One can reliably assume that in any work of art portraying heroin use, the introduction of an innocent will function as a sort of Chekhov’s gun: if an animal or infant is alive and accounted for in the first act, it will reliably be killed by the heroin users before the credits roll.
In all the literature about Trainspotting’s portrayal of heroin use, there is a blinding absence of actual heroin users offering their expertise on what it means to make the choice at the core of the film. I found that expertise in Caty Simon, the editor of sex worker-owned and operated website Tits & Sass, who writes candidly about the portrayal of heroin use in media in contrast to her own heroin use and that of those around her. She recalls relating to the monologue then and now, saying, “The long-term rewards of buying into capitalism and a straight life, it is just so absurd when you actually see it that way. Sure, we are paying through the nose for our survival and pleasure, and the constant, tiresome routine of the dope world, that sucks too. But their world looks so alien to me. How do people kid themselves into believing this is worth it? Looking at what other people do, looking at what we are supposed to choose instead, I can’t imagine choosing it.” But in the public imagination, heroin users are rarely humans making choices—they’re one-dimensional avatars for irredeemably selfish vice.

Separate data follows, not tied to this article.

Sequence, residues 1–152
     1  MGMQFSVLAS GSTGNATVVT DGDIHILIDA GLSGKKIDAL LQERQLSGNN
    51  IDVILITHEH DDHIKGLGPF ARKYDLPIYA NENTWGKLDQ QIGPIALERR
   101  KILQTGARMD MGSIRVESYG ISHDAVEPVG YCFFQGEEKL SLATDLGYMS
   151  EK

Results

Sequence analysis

Deficits in their own earning power and sexual prowess render these characters idle, but the exchanges we witness disclose enduring friendships that have more to them than shared addiction. “There is an idea that we have a monomaniacal fixation on the dope, but it really is a boring quotidian afternoon with anybody else. People are going to be shooting speedballs and talking about their favorite movies,” Simon told me. “We are usually navigating the mainstream world with everyone else.”